No it's not homework, just something I found interesting. I don't really know much calculus, and have not heard of these equations/fomulas.Isd this a homework? Then the right place is in another subchapter of this site. But generally, ANY resistor chain may be solved by number of methods studiued at class 11 secondary school, spring semester. It are 1) sequential branch by branch unitions leading to alone equivalent resistance. Method is simple, but long and not universal enough; 2) Y to delta transformation and delta to Y transformation useful specially for inbanaced bridges calculation; 3) Kirhoff (Kirchoff) equation system where one goes around the circuit branch by branch. Method is absolutely universal, however count of separate equations are killingly much thus without of matrix calculus and MatCad one must die instantly. And its enough to make a mistake of sign even in one member then all the job may be condemned; 4) Thevenin equivalent theorem - absolute universal, absolute simple, absolute effective; 5) Northon equivalent theorem - may say the all best about too. Just take a school book and read it about, the example about ethernal grid is one classical task analysed rather in any of physics electricity books.
I googled it and all of the results seem to use calculus.Thought I recognized XKCD. The answer is all over the internet. Use a search engine!
EDIT: Now after having a look on the internet, I now know the answer. But I'm not telling you!
Clue: Think about the currents flowing into and out of the points.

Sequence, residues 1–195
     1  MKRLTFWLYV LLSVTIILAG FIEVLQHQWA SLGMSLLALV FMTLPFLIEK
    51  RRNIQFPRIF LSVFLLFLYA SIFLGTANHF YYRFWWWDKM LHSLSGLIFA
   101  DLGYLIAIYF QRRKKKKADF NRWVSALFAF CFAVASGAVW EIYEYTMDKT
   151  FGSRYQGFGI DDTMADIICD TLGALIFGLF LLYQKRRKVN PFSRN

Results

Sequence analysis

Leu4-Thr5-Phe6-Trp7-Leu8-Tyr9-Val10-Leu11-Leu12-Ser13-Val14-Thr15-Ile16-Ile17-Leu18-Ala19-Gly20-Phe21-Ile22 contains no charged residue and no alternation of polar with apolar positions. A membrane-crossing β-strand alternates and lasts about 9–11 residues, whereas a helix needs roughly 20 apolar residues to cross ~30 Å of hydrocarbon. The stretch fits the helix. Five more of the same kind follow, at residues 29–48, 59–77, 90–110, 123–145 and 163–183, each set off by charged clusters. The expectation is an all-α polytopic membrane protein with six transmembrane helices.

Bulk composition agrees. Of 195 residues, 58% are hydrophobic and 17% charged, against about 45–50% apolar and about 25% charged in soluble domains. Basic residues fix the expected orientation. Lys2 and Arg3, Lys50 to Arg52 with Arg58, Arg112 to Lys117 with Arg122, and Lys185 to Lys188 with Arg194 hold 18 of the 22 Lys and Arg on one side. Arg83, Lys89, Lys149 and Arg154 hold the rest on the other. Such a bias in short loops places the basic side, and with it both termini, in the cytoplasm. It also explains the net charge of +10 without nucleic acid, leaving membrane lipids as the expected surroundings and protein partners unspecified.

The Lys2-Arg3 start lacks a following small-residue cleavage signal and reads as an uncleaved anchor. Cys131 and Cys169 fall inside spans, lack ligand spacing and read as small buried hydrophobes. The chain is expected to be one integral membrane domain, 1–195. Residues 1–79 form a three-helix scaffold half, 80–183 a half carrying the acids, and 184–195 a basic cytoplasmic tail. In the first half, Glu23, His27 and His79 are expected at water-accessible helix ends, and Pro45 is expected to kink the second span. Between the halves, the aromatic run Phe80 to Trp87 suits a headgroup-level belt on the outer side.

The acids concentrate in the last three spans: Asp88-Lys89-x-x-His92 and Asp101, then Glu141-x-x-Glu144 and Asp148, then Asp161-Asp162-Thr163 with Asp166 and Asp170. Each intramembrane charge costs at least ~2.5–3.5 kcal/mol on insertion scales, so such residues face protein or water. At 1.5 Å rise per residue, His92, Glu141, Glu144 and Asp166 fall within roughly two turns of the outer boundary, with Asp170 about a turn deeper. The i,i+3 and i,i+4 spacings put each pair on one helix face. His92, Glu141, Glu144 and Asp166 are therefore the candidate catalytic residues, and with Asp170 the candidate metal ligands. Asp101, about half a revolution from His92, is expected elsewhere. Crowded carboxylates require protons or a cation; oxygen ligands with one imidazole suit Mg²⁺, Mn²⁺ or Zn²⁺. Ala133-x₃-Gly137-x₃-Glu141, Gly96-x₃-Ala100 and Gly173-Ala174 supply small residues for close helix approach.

Another clue: Doesn't matter which two points you use, the answer is always the same!
If you are saying it's an infinite geometric series, then that kind of helps. But how do I figure out which way the current would flow and start simplifying? Also, the approaches on the internet use calculus, not an infinite geometric series. So what would the solution be?It's a bit like that mathematical joke:
An infinite number of mathematicians go into a bar. The first one says "I'll have a pint, please". Second one says "I'll have a half". And so on. How many pints does the barman serve in total?
THAT made my teeth hurt!Something to get your teeth into
Depends if it is Imperial or US measure!It's a bit like that mathematical joke:
An infinite number of mathematicians go into a bar. The first one says "I'll have a pint, please". Second one says "I'll have a half". And so on. How many pints does the barman serve in total?
Reminds me of the old one we were often posed.I have tried and am very confused. How does one solve it?
That one's a lot easier to solve -- it's just a series of linear equations.Reminds me of the old one we were often posed.
A cube made up of 1 ohm resistors, what is the resitance between diagonal corners of the cube?
Max.
Ok thanks! lol thats very complicated though.Something to get your teeth into:
https://www.mathpages.com/home/kmath668/kmath668.htm
by Robert Keim
by Luke James
by Gary Elinoff